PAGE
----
No one ever pretended outer space is a hospitable place. There’s the hard vacuum, the lethal cold and the ever-present risk of even a small meteor hit. And then there’s the way the human body seems to revolt at the very idea of being there.
No sooner do astronauts arrive in space than up to 40% of them begin throwing up. Most of them adjust soon enough, but they may continue to feel dizzy and fatigued all the same. There’s also back pain, calcium loss, muscle atrophy, nasal congestion, accelerated heart rate and increased blood pressure—all a result of the skeletal and circulatory systems trying to adjust to zero gravity. Longer term damage may include distorted cell growth—also a result of zero-g—and DNA changes caused by cosmic radiation, leading to an increased risk of cancer and other diseases.
But how much of all that can you blame exclusively on space? Some people just have weaker bones than others; some are predisposed to hypertension or cancer. Separating heredity from environment isn’t easy even when the environment you’re talking about is a decidedly extreme one. Serendipity, however, has now provided a perfect way to begin investigating the mystery, in the form of Scott and Mark Kelly, identical twins who just happen to be astronauts.
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The Kellys have already achieved national and even global renown—Mark for his four shuttle missions and his cumulative 54 days in space, not to mention his high-profile devotion to his wife, former Congresswoman Gabrielle Giffords, as she continues to recover from the 2011 assassination attempt that nearly took her life; and Scott for his two shuttle flights, including a six-month stay aboard the International Space Station (ISS). Mark has since retired from NASA, but Scott is still flying, set for a full-year aboard the ISS, beginning in March 2015. And that has provided NASA with an unprecedented opportunity to run a nifty experiment.
In anticipation of the time Scott will spend aloft, NASA’s Human Research Program—a division of the space agency that studies space biology and safety—has begun requesting ideas from biologists and other researchers for comparison tests that can be conducted on the two men, both during and after the year-long mission. The name of the project—Differential Effects on Homozygous Twin Astronauts Associated with Differences in Exposure to Spaceflight Factors—is just the kind of scientific mouthful you’d expect, but it also frames perfectly just how valuable twins can be to scientists trying to understand the human body. The genetic software of identical twins matches perfectly, which means that most differences in how they age and the illnesses they do or don’t develop are attributable to environmental factors or life experiences. That makes the Kellys priceless lab subjects.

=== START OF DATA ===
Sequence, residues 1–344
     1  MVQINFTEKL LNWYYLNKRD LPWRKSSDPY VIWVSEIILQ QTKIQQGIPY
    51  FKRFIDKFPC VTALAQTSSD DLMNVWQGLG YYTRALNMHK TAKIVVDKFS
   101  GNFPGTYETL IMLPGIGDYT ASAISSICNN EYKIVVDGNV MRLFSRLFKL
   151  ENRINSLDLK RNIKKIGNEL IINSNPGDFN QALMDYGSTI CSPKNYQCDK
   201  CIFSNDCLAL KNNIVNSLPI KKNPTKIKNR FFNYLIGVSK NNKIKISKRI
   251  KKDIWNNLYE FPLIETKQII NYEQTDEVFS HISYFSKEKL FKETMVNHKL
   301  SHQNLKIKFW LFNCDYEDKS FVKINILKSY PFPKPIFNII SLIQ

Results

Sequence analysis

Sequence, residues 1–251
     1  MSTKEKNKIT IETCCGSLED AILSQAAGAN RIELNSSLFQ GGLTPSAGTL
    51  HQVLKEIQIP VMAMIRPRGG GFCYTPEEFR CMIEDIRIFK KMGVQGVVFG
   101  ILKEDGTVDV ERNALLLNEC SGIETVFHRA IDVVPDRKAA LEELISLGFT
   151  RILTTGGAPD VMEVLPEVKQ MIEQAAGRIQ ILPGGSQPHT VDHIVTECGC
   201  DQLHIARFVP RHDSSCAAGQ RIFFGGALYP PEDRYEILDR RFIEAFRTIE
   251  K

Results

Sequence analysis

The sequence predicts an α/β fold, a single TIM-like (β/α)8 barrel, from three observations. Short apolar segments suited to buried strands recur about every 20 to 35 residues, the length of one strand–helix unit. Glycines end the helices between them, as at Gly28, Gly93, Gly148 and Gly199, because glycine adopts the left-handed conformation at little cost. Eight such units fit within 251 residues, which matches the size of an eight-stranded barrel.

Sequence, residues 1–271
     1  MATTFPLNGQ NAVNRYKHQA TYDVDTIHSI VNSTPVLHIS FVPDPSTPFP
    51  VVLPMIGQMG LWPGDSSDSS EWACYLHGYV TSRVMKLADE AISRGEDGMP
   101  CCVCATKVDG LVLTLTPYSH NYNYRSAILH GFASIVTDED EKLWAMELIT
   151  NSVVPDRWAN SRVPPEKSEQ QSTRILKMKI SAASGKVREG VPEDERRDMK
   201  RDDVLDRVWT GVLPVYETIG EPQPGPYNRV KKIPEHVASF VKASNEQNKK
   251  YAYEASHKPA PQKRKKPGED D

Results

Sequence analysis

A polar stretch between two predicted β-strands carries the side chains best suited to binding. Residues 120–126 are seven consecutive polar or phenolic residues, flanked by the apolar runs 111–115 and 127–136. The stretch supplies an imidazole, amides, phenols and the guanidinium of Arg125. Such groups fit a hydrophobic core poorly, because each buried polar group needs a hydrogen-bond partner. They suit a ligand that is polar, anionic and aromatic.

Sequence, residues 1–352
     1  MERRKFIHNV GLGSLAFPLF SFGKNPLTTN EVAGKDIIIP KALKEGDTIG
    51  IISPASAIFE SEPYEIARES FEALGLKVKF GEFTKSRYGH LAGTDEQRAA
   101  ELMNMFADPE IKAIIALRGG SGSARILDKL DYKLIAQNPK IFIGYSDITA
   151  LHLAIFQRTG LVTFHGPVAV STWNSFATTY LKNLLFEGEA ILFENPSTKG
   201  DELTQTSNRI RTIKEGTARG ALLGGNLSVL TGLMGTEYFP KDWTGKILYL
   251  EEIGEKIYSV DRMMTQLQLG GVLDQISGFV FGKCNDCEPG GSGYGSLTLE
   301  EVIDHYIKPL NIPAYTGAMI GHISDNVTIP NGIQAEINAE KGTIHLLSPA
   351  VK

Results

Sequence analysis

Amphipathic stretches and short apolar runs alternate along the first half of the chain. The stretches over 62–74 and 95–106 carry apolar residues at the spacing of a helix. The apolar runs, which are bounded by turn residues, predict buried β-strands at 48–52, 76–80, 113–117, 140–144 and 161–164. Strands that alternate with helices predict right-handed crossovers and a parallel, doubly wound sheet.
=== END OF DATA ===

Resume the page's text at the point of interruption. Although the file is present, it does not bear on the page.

“This is a once-in-a-space-program opportunity,” said John Charles, chief of the Human Research Program’s International Science Office, in a statement that accompanied the announcement of the project. “The mission of the HRP is to reduce the risk to astronauts during long-duration space flight. In typical investigations, we usually have a specific outcome in mind and are goal-oriented. In this case, the slate is essentially blank. I am anxious to see what proposals we receive from the scientific community.”
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Some of the experiments are obvious. Blood samples will be taken of both men at the same intervals during the course of the year. Saliva samples and cheek swabs may be collected too and psychological and fitness tests may be conducted—though exactly what those last two will involve has yet to be determined. Follow-up tests after Scott comes home will be carried out as well—for years and perhaps even for the remainder of the brothers’ lives.
The Kellys aren’t perfect subjects: the time Mark has already spent in space muddies the study up a little since he’s been exposed to the same exotic physical environment Scott has. The ideal subjects would be a twin who is flying in space and one who has never left the planet. But after Scott’s return he will have amassed 540 days in space, or precisely 10 times Mark’s total, which ought to be a big enough difference to give the findings real credibility.
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Whatever results the study yields will have more than theoretical implications. A year in orbit seems like a lot, but it’s only a fraction of the time an eventual Mars trip would take—with its outbound and inbound legs of at least eight months each, not to mention a long stay on the Martian surface. That mission, in turn, would be nothing compared to a long-imagined trip to Jupiter’s moon Europa, with its globe-girdling ocean that could be home to life. On the same day NASA announced the Kelly experiment, it also released a paper in the Journal Astrobiology, outlining the goals for a Europa mission.
Neither trip is coming in the near future; at the moment, NASA doesn’t even have a way to launch its own astronauts to low-Earth orbit. But for the U.S., China and other countries, deep space colonization does remain a long-term—if distant—goal. Making sure we can survive the trip is a vital first step.